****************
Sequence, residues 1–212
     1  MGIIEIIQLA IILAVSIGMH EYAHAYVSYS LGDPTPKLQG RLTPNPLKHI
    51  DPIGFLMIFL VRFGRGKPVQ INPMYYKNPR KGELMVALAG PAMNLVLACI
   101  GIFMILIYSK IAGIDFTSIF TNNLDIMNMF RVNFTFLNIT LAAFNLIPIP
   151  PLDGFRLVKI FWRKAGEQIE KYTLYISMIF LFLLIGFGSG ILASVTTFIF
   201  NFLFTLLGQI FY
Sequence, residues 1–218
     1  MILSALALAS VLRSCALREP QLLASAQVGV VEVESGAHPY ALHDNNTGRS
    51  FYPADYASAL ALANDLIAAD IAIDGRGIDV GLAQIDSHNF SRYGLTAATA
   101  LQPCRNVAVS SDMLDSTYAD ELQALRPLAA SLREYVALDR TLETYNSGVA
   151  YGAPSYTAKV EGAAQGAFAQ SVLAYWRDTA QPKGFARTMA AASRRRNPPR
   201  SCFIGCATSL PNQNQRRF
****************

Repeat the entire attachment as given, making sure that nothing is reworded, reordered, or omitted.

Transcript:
Sequence, residues 1–212
     1  MGIIEIIQLA IILAVSIGMH EYAHAYVSYS LGDPTPKLQG RLTPNPLKHI
    51  DPIGFLMIFL VRFGRGKPVQ INPMYYKNPR KGELMVALAG PAMNLVLACI
   101  GIFMILIYSK IAGIDFTSIF TNNLDIMNMF RVNFTFLNIT LAAFNLIPIP
   151  PLDGFRLVKI FWRKAGEQIE KYTLYISMIF LFLLIGFGSG ILASVTTFIF
   201  NFLFTLLGQI FY
Sequence, residues 1–218
     1  MILSALALAS VLRSCALREP QLLASAQVGV VEVESGAHPY ALHDNNTGRS
    51  FYPADYASAL ALANDLIAAD IAIDGRGIDV GLAQIDSHNF SRYGLTAATA
   101  LQPCRNVAVS SDMLDSTYAD ELQALRPLAA SLREYVALDR TLETYNSGVA
   151  YGAPSYTAKV EGAAQGAFAQ SVLAYWRDTA QPKGFARTMA AASRRRNPPR
   201  SCFIGCATSL PNQNQRRF